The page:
Regarding the region's power challenges, Booyse argues that AI can actually assist telcos in managing and optimizing their use of energy as they contend with strained national power grids. He noted the impact that Kriterion has had in reducing downtime at its sites by 30% per year.

"When the Nigerian power grid collapsed last year, and the Power Holding Company of Nigeria was only providing 250 MW. Kriterion-monitored sites in Nigeria were doing 450 MW," he added.

Sub-Saharan Africa access to electricity (% of population)
(Source: World Bank)
(Source: World Bank)

The skills gap also poses challenges for the adoption of AI. To that end, some of the regionís telcos are already looking to build internal capacity to ensure sustainability and scaling up their innovations.

For example, in April 2023, Vodafone partnered with Lancaster University Ghana, on an eight-week AI training program for 21 of the telco's executives.

MTN and Axian Telecom have also introduced training programs, for students, in practical science, technology, engineering, mathematics, and science-related courses relevant to the telcos' operations.

Transparency, data security, and privacy risks abound

Data protection and privacy issues remain at the forefront as the telecom sector collects large amounts of sensitive data from clients including contact information, identity and even financial information.

Operators engaging with AI face more risks, particularly in markets where regulators are yet to adequately engage with the technology, meaning that innovation is outpacing AI policy guidelines and regulation to prevent harm.

Mauritius was the first African country to adopt a national AI strategy in 2018, and it is positive that more African governments are developing AI policies and guidelines for the safe and ethical adoption of the technology that are fit for the African context.

Countries such as Egypt, Rwanda and Senegal have since also introduced national AI strategies to drive the digitalization of their domestic industries. Ethiopia and Nigeria, too, are developing AI strategies.

To harmonize and unify the continent's approach, in 2022 the African Union began working on its Artificial Intelligence Continental Strategy for Africa. This is expected to be released in early 2024.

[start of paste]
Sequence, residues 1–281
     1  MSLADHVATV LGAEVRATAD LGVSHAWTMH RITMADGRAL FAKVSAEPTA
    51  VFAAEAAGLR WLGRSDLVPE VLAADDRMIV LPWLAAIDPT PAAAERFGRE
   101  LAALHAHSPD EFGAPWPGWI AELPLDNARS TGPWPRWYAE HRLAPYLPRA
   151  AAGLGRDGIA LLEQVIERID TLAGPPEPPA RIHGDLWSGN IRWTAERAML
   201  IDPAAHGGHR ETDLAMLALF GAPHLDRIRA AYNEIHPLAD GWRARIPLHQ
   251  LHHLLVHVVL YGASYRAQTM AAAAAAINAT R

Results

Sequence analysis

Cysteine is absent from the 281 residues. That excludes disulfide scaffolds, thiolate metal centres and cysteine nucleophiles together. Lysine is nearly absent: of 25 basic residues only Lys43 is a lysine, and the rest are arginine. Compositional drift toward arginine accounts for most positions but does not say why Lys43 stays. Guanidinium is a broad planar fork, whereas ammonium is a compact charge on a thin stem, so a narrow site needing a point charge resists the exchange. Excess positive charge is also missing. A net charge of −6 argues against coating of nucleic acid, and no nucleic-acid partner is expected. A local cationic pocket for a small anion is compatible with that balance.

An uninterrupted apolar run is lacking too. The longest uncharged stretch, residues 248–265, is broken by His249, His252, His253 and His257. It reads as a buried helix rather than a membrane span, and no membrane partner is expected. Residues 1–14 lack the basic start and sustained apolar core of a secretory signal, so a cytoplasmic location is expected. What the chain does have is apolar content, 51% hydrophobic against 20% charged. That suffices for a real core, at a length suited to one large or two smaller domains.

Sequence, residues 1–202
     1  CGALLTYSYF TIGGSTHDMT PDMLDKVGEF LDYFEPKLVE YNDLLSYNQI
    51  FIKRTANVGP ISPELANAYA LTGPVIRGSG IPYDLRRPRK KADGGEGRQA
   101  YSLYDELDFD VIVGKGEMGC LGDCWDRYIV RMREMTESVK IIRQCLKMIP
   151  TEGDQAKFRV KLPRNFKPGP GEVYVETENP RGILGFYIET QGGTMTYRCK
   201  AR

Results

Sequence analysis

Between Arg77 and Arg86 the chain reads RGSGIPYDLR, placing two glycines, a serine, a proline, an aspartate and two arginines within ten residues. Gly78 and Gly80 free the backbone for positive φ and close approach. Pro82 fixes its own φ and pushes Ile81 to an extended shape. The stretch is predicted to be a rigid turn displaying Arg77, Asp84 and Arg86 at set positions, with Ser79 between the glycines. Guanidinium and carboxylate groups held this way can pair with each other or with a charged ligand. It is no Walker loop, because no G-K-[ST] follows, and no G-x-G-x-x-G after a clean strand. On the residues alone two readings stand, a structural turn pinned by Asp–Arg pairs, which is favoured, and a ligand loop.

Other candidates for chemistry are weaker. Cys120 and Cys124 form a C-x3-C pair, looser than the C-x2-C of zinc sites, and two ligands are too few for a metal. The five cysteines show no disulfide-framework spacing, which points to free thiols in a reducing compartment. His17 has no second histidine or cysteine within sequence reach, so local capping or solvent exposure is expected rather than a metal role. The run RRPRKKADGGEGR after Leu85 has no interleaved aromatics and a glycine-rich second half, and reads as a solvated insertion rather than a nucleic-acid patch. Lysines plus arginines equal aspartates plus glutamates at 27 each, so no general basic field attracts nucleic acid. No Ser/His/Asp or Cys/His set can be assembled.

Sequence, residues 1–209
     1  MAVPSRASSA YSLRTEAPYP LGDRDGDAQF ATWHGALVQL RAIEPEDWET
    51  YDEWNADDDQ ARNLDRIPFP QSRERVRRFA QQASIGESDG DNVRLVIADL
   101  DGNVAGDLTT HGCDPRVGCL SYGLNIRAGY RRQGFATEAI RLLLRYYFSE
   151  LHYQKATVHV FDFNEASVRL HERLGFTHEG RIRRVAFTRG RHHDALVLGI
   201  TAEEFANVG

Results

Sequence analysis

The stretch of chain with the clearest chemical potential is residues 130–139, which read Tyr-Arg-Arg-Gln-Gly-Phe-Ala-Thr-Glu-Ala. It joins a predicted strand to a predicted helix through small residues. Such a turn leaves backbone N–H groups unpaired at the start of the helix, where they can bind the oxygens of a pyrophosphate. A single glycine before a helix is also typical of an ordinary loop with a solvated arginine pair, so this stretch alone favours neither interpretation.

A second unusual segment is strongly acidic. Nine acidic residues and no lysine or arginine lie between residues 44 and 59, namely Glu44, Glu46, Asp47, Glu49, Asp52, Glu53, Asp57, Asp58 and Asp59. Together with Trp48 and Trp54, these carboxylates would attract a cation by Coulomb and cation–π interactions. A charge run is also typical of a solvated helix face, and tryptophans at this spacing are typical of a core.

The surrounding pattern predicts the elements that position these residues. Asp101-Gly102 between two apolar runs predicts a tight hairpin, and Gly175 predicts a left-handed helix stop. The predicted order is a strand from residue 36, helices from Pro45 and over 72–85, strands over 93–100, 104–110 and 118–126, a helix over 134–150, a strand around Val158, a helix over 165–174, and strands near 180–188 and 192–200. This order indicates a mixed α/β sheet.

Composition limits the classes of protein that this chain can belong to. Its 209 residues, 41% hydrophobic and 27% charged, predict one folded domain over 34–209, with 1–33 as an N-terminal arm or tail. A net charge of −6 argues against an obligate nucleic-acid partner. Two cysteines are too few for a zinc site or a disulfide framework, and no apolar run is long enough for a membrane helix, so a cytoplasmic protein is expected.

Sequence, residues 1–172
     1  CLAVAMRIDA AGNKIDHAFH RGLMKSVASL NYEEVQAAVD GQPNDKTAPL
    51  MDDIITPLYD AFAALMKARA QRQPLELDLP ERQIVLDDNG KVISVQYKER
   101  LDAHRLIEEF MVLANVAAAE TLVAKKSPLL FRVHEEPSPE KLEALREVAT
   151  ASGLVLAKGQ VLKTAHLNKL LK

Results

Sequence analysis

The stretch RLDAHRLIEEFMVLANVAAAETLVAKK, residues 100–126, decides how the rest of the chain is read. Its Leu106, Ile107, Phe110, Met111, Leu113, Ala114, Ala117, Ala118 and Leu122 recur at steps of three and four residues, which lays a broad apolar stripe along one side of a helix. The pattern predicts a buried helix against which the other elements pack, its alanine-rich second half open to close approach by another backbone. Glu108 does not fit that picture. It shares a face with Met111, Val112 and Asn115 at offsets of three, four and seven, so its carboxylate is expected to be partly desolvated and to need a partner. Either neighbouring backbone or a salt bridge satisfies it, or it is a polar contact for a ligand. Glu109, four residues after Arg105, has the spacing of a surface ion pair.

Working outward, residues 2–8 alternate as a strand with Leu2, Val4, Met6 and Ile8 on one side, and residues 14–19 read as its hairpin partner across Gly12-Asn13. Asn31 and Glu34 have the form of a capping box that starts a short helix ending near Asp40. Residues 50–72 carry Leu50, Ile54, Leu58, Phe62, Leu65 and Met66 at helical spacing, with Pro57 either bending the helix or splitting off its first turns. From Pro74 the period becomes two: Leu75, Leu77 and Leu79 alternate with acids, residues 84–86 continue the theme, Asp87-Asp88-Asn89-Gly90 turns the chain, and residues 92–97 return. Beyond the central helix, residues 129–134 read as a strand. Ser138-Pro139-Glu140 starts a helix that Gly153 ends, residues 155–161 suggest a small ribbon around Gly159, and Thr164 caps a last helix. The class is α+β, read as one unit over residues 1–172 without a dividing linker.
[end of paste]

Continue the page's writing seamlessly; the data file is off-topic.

"This roadmap is expected to provide a comprehensive strategy for supporting inclusive and sustainable AI-enabled socio-economic transformation," Agunbiade explained.

However, he notes that, as AI is a costly technology to deploy, countries should adopt a market-based approach to delivering benefits by ranking AI priorities based on their national comparative advantages and most active GDP sectors.

African operators are engaging with AI technologies to different degrees, to better understand the value of AI for specific business lines.   (Source: Image by freepik)
African operators are engaging with AI technologies to different degrees, to better understand the value of AI for specific business lines.
(Source: Image by freepik)

Agunbiade also advocates for the employ of sandboxes where telecom operators and value-added service providers can test AI solutions, with these insights then guiding the development of tailored guidelines and licensing agreements.

Meanwhile, the strides made by governments in the development of data protection policies and digitalization processes can provide some guidance for the early-stage engagement with AI technologies, while industries await specific AI standards.

Chikanga also flags that the adoption of AI in the telecom sector may render it even more attractive for cyberattacks, with criminals capitalizing on the increased use of AI-powered chatbots, for example, to attack telecom operators.

"Outside traditional finance, telecom companies probably sit on the largest trove of behavioral and financial data," Agunbiade added.

In February 2024, cybersecurity firm Kaspersky warned that attacks are becoming more "diverse and sophisticated," with phishing, ransomware attacks, backdoors and exploits in African countries.

Booyse meanwhile is of the view that AI can also help fortify telecom infrastructure. For example, AI solutions can be programmed to immediately detect when systems have been infiltrated and automatically restore parameters to the desired versions to prevent a network from being taken down.

"This is the beauty of artificial intelligence for IT operations," Booyse argued.

Positive long-term outlook for AI

The African telecommunications industry has long been at the forefront of market disruption so, as the AI landscape evolves, the sector looks set to benefit greatly. This will be aided by innovation both from global and local players, improving policy and regulation and increased investment in digital infrastructure.

Although the industry will still move cautiously and a compelling business case and clear path to return on investment will be necessary before a widespread adoption, it appears AI is here to stay.

"There are skeptics who believe that we shouldn't be talking about AI when we haven't solved other fundamental issues. They have a point, but the truth is, if we fail to prepare for AI, we will wake up one day completely irrelevant and disconnected from an automated future," Agunbiade concluded.

Related posts:

*Top image source: Image by rawpixel.com on Freepik.

— Chiti Mbizule, correspondent, special to Connecting Africa